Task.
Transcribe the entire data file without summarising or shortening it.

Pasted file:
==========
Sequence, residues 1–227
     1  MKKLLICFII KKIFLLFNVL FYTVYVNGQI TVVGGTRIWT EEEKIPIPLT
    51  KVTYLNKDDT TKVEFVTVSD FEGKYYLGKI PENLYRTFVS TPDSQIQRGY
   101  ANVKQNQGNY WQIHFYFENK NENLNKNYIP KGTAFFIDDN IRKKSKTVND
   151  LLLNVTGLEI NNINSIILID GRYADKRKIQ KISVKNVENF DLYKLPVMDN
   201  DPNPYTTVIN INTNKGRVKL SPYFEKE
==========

Sequence, residues 1–227
     1  MKKLLICFII KKIFLLFNVL FYTVYVNGQI TVVGGTRIWT EEEKIPIPLT
    51  KVTYLNKDDT TKVEFVTVSD FEGKYYLGKI PENLYRTFVS TPDSQIQRGY
   101  ANVKQNQGNY WQIHFYFENK NENLNKNYIP KGTAFFIDDN IRKKSKTVND
   151  LLLNVTGLEI NNINSIILID GRYADKRKIQ KISVKNVENF DLYKLPVMDN
   201  DPNPYTTVIN INTNKGRVKL SPYFEKE